Josh Bond had just drifted off to sleep when the phone rang. It was the middle of a June afternoon in 2011, and Bond, 28, had been looking forward to taking a half day off from his duties as manager of the Princess Eugenia, a homely three-story apartment building not far from Santa Monica’s Palisades Park. He and a buddy had tickets to see My Morning Jacket play that night at the Pantages Theatre, and a “disco nap” was exactly what Bond needed. But now the phone was ringing, and time off or not, Bond knew that an apartment manager is always on duty. On the other end of the line was an assistant manager from across the street at the Embassy Hotel Apartments—the Princess Eugenia’s elegant sister, which Bond also managed. There was urgency in the woman’s voice.
“The FBI’s here,” she told Bond.
“What do they want, and why are you calling me?” he snapped, hoping the woman could handle the visitors by herself.
“They want to talk about one of the tenants.”
Bond spoke to Scott Garriola, a veteran special agent who oversees the Fugitive Task Force of the FBI’s Los Angeles office. Garriola, too, had the day off, but a call from the bureau’s Boston office had put him back on the clock in a hurry. He needed to discuss Apartment 303.
“I asked if we could do it tomorrow or the next day, because I’d been working two weeks straight,” Bond remembers. A native of rural Mississippi, he speaks with an animated affability that almost masks his slight Southern accent. With owlish spectacles and a tentative beard, he has the aspect of a doctoral candidate. Bond had been the night manager of a low-income hotel while studying film and English at Boston University, and he had worked at other hotels and apartment buildings in Brookline and Allston. During that time, he’d seen his share of prostitutes and crackheads—as well as the cops and FBI agents who raided the premises in pursuit of heroin dealers and rapists. But Garriola said, No, this couldn’t wait.
Bond left the Princess Eugenia and slowly walked across the street to the Embassy, an ornate, Mediterranean-style hotel built in the Roaring Twenties. Inside the building, Garriola and four more agents showed Bond wanted posters featuring images of a retired couple the FBI was pursuing. A few of the pictures were about 20 years old; others were guesses as to what the man, now 81, and woman, 60, might look like today. Bond recognized the pair right away: They were Charlie and Carol Gasko—his next-door neighbors. Charlie was bald with a neatly clipped white beard and frequently dropped by the manager’s apartment to chat about current events and the country music band Bond played in. The old man was always curious about Bond’s family but had nothing to say about his own life. He was in good shape for a person his age; he made abundant use of the exercise equipment in his apartment and exuded an edgy vigor: Charlie once pulled a knife on a mentally disturbed man who’d surprised the couple outside the Eugenia, and another time he yelled at Bond for abruptly coming up behind him on the apartment’s front steps. His wife, Carol, was the less assertive and opinionated of the two and never seemed to have a frosted hair out of place.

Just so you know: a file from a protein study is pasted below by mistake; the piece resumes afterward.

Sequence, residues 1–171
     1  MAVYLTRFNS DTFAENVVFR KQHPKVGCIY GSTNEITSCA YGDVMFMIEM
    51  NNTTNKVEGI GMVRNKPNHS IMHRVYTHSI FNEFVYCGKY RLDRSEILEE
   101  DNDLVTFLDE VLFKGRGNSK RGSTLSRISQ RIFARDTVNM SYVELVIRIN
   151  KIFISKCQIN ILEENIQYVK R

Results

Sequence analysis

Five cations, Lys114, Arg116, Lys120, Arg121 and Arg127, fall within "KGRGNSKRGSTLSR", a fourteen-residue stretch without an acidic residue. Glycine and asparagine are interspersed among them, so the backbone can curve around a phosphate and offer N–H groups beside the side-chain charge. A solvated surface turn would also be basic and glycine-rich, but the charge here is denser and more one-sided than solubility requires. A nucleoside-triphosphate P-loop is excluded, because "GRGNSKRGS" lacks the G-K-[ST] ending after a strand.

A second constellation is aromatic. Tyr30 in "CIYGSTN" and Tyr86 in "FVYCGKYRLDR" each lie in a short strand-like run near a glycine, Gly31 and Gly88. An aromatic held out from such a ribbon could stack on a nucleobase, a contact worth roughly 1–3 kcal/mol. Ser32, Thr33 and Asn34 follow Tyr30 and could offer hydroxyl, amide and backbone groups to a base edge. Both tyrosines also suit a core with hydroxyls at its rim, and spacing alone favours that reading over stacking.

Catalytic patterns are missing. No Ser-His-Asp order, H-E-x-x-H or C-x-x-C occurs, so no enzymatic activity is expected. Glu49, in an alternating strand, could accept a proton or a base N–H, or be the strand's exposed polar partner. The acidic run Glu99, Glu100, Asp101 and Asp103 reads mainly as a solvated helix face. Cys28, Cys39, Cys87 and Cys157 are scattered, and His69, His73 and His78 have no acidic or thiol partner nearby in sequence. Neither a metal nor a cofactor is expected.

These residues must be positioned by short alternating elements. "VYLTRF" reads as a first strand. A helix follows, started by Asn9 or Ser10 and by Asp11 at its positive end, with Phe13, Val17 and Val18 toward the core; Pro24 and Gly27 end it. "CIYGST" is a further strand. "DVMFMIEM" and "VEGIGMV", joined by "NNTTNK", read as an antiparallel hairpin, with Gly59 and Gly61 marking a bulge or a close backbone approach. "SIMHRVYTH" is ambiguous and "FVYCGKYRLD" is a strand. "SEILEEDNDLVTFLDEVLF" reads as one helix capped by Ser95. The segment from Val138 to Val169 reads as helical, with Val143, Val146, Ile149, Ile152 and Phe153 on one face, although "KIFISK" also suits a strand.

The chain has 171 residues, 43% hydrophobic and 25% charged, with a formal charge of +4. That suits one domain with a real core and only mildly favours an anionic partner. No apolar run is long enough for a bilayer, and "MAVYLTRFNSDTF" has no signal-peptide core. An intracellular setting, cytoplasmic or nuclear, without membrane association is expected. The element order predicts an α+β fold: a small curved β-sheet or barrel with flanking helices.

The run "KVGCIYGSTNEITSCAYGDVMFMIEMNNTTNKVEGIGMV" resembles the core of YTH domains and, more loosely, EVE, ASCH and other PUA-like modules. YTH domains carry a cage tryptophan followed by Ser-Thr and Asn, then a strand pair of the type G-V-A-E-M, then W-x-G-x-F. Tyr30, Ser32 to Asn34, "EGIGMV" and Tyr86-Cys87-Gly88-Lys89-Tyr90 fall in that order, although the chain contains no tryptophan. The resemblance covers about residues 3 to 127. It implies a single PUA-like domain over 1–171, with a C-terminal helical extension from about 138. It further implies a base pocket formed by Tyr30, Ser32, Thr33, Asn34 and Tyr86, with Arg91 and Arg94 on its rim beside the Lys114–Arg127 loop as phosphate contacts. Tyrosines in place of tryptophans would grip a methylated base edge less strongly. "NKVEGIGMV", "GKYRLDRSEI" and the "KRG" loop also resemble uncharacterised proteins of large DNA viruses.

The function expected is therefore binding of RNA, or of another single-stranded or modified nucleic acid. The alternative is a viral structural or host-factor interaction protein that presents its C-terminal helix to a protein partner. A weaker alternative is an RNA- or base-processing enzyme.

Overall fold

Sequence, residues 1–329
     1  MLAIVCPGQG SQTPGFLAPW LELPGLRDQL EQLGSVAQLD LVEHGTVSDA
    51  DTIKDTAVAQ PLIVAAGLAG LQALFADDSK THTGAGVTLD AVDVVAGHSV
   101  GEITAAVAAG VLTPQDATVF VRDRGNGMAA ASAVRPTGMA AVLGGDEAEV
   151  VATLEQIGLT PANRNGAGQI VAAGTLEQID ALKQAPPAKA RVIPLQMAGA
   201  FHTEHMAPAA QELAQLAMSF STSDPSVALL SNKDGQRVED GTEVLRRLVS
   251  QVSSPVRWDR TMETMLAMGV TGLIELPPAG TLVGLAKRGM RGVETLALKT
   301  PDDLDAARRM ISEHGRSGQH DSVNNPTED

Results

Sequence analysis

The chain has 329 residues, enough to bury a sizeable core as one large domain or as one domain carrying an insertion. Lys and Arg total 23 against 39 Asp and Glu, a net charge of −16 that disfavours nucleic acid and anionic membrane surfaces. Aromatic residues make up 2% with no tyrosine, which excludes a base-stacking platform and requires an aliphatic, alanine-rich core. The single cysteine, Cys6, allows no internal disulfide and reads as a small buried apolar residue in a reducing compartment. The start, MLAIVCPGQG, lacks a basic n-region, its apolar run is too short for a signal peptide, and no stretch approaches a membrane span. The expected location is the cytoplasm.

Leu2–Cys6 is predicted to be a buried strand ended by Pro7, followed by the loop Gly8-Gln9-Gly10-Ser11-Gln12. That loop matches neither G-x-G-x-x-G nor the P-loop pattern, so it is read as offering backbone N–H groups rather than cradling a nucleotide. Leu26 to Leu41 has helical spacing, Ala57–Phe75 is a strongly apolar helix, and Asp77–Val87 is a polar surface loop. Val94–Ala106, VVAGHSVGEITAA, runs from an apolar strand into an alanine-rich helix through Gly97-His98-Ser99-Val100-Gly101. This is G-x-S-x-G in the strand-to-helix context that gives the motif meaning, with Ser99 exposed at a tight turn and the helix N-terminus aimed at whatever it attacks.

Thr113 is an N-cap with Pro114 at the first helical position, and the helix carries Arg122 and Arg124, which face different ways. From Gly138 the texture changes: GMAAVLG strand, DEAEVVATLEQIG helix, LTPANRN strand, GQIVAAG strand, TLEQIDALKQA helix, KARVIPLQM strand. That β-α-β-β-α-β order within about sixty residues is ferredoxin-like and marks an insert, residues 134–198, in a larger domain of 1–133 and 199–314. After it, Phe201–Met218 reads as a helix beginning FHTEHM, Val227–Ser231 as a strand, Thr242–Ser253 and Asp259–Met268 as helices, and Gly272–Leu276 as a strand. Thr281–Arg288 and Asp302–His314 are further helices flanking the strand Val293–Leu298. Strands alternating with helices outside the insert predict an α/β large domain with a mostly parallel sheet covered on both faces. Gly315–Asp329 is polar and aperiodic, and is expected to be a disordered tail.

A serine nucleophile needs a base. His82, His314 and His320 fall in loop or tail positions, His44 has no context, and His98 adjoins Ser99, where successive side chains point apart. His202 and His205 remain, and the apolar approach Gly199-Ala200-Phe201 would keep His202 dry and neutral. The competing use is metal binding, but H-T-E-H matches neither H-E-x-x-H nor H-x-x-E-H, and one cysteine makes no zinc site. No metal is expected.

When Bond saw Charlie’s real name on the posters, a name he’d heard of when he lived in Boston, he was taken aback. “I was in a little shock about who the people were,” Bond says. “I realized the FBI wasn’t going to let me leave until they had this guy in custody. So it was, ‘OK, let’s get this thing going.’ ”
Bond called his friend. “Hey, man, I don’t think I’m going to be able to come,” he said. Why? his friend wanted to know. “I can’t really tell you.”
The guy the FBI was keen to speak to had, since the death of Osama bin Laden the month before, topped its Ten Most Wanted list: James “Whitey” Bulger, who had run South Boston’s Winter Hill Gang and had been a fugitive for the past 16 years. “Carol” was really Catherine Greig, a girlfriend whom he’d known since the 1970s. Bulger had been indicted under the Racketeer Influenced and Corrupt Organizations Act and charged with committing or ordering the murder of 19 people during a criminal career in Southie that stretched five decades. His reign involved the biggest breach of FBI security and ethics in the bureau’s history.
Garriola’s plan was to send Bond knocking on Apartment 303’s door to see who answered, and the FBI would take it from there. Bond didn’t like that idea. Charlie, after all, had recently been tacking a note on the apartment’s door advising people not to knock if the sign was up—as it was now. “No!” Bond said. “I don’t ever knock on his door. I’m not going over there!”
Garriola came up with a Plan B: Bond could simply call the Gaskos. That Bond would do. No one in 303 picked up, but when Greig called back soon after, the apartment manager told her the unit’s storage locker in the underground parking lot had been broken into, and he was about to report it to the police. Would Charlie like to meet him and check out the locker first? Don’t call the police, she told him—Charlie will be right down. Bond left the Embassy and walked back toward the Princess Eugenia, ringing his friend one more time: It looked like he’d be able to make the show after all.
As he held the cell phone to his ear, Bond glanced up and saw Greig standing on the couple’s balcony, a cramped rectangle three stories above the street. She seemed apprehensive. Bond stopped and sheepishly mouthed “hello” to her. But she didn’t see him.
This feature originally appeared in the October 2013 issue of Los Angeles magazine